Annie and Laurie open up about the parallel issues that can arise during the worst of times. With their sons' addiction raging, they also had to deal with what was going on on other fronts: chaos, crises, judgement, family discord. They learned how to respond to other's remarks, and not react to them, how to stay united and not sink.
On this week's Coming Up for Air podcast, Annie and Laurie talk with Annie's son Elliot, whose opiate dependency and recovery is detailed in Annie's book "Unhooked." Elliot opens up with an honest, raw perspective of where a son or daughter's mind might be while in active addiction, what would have helped from his point of view, what to not take personally as the parent of someone struggling deep in substance use disorder. He also tells us what life looks like for someone in their 20's pursuing sobriety yet wanting a fun, active lifestyle.
In this week's podcast, Laurie and Annie compare support group experiences. They discuss what is helpful and what works, the importance of being among others who experience the same struggles. They also learned to be careful in some of these tricky group settings where giving support was sometimes equated with giving advice.
This week Annie and Laurie invite Laurie's husband Trevor and Annie's ex-husband Elliot Sr. to discuss what it means to "be on the same page" during a crisis and when making decisions. The conversation touches on blended families, exposing siblings to potentially dangerous behaviors, intrusions from others, being in agreement even though divorced.
Manipulation is used as a strong arm tactic when there is no healthy communication: "Healthy families communicate, unhealthy families manipulate". In this podcast, Laurie and Annie discuss their own experiences with manipulation. How do we recognize manipulation when it's present? How do we as affected family actually manipulate as well?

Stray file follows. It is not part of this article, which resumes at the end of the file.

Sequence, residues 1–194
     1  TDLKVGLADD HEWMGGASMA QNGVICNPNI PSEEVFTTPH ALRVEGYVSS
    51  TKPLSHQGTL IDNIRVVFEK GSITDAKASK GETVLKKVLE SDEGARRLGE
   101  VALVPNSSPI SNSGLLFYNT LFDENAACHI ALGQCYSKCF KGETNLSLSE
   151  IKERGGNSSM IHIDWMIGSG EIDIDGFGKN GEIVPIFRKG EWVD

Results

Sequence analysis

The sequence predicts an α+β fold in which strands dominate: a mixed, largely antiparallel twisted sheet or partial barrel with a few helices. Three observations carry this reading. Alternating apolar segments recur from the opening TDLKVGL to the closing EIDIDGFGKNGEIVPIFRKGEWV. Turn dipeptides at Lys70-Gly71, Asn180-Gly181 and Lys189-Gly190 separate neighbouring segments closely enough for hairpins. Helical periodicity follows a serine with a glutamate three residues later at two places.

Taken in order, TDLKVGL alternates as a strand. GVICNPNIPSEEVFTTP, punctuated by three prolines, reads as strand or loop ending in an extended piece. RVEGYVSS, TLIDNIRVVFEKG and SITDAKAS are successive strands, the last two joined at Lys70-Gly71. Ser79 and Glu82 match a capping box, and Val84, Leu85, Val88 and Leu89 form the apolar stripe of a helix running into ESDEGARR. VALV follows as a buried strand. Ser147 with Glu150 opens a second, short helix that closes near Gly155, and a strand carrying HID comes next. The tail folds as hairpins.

It takes a lot of mental work to get and remain sober and so a recovering loved one may be unintentionally careless with those who support them. If we recognize that people do the best they can with the tools they have in the moment, then we can accept this carelessness more easily. In the meantime, take care of your own well-being.
Laurie and Annie tell their own stories as mothers facing an addicted loved one. They discuss their backgrounds and family dynamics, speak about their lives leading up to and through their personal experiences with the national opiate crisis. Their compelling stories confirm that addiction is a disease and it’s a family disease that can happen to any family in any community.
In today's podcast, Annie and Laurie welcome Allies in Recovery founder, Dominique Simon-Levine, to explain the CRAFT method for helping families support an addicted loved one into treatment and through recovery. They share their personal experiences in implementing the CRAFT methodology and why it became their 'strategy of choice' not only in helping their addicted loved one, but also in looking after their own well-being.
If you are the bystander watching this brutal disease from the front row, what do you do? Detach from someone you love as they are spiraling? What does it look like to detach? How do you abruptly cut them off? We hear "you have to detach" a lot, but what does it actually mean?
The long-term stress I experienced caused me to become very forgetful, hasty in my decisions, confused and socially awkward. I also noticed that during that time of my life I became very clumsy. It became obvious to me that I was heading for a crash if I didn’t get ahead of my stress. I knew I had to develop different responses. I knew that I didn't want addiction, terror and chaos calling the shots anymore.